With the Exif data embedded in the digital image file, it should be noted that some programs do not receive this data during image processing; this concerns z. B. older versions of the image editing software Adobe Photoshop .
Digital recording technology
Cameras and camera systems
Analog cameras and camera systems were developed and optimized over decades before their further development was discontinued by the market-leading manufacturers in recent years.
The operation of most analog 35mm cameras was similar - with autofocus, intervalometer, exposure metering, etc. differing significantly depending on the manufacturer. The use of buttons and menu systems in digital cameras can be significantly more extensive and complex and requires further knowledge beyond photochemistry - since many digital cameras offer many more functions than their mechanical predecessors. With digital photography, it is to be expected that the photographer can learn new things with every system change, while the basics always remain the same - such as aperture, focal length, shutter speed, etc.
The compatibility of the models with each other is very different. On the one hand, it depends on the manufacturer, on the model series and - especially in the case of simpler non-SLR models - often none or hardly any. Some manufacturers introduced completely new digital camera systems .
Digital camera backs
Digital images can not only be made with native digital cameras or by digitizing analogue templates, but also with a digital camera back .
Effect of the lenses
In today's digital cameras, image sensors are usually built in with a smaller recording area compared to classic film formats . Due to the smaller image format, the angle of view of a lens is reduced for a given focal length , and the depth of field is smaller for a given f-number . This means that a lens with a focal length that is used as a normal lens for 35mm film has the angle of view of a telephoto lens for a digital camera with a smaller recording sensor . With the same angle of view and the same f-number, the range of depth of field increases.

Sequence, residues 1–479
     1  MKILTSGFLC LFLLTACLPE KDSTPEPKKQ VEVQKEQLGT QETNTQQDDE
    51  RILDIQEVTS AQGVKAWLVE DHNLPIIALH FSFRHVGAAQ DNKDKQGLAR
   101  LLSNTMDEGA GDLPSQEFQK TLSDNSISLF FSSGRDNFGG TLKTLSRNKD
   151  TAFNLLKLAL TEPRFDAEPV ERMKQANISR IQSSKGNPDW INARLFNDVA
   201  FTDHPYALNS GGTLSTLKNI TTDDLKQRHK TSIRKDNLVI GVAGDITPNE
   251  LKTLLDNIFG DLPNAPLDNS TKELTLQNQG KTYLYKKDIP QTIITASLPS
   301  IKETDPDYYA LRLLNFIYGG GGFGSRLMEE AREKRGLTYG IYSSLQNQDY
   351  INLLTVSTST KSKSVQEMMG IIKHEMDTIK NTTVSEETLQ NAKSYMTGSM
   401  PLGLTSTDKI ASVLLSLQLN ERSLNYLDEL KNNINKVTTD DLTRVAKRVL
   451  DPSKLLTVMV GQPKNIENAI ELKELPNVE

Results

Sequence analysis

The ratio of the normal image diagonal and the actual diagonal of the recording sensor is referred to as the " format factor " and is usually specified in the data sheet for the camera or lens. It describes the number by which you have to multiply the actual focal length of the lens of a camera in order to obtain a lens with the same angle of view for the 35mm format. For example, if the recording sensor is 12 mm × 18 mm in size, i.e. half the diagonal of the small picture format 24 mm × 36 mm, the format factor is 2. A lens of 25 mm on this digital camera has the same angle of view as a 50 mm lens on a small picture , and the same exposure time results with the same f-number. If the f-number is divided by the format factor, the result is the f-number at which the same depth of field is achieved.
Digital recording practice
Compared to conventional photography, digital recording practice has some special features.
An example is the change in the depth of field , which results from the format factor (often incorrectly called focal length extension: the focal length of a lens does not change, only the angle of view used by the changed recording format ); Lenses, which are considered wide-angle in 35mm photography, appear as normal lenses in most digital cameras. Since the optical laws do not change, the effective depth of field (more precisely: the field of focus ) of the image increases. With digital cameras it is therefore more difficult than in 35mm photography to achieve a blurred image background, as is often desired in portrait and nude photography for design reasons. Some modern single-lens reflex digital cameras already have a full-frame sensor (24 mm × 36 mm). These cameras behave in exactly the same way as analog 35 mm SLR cameras.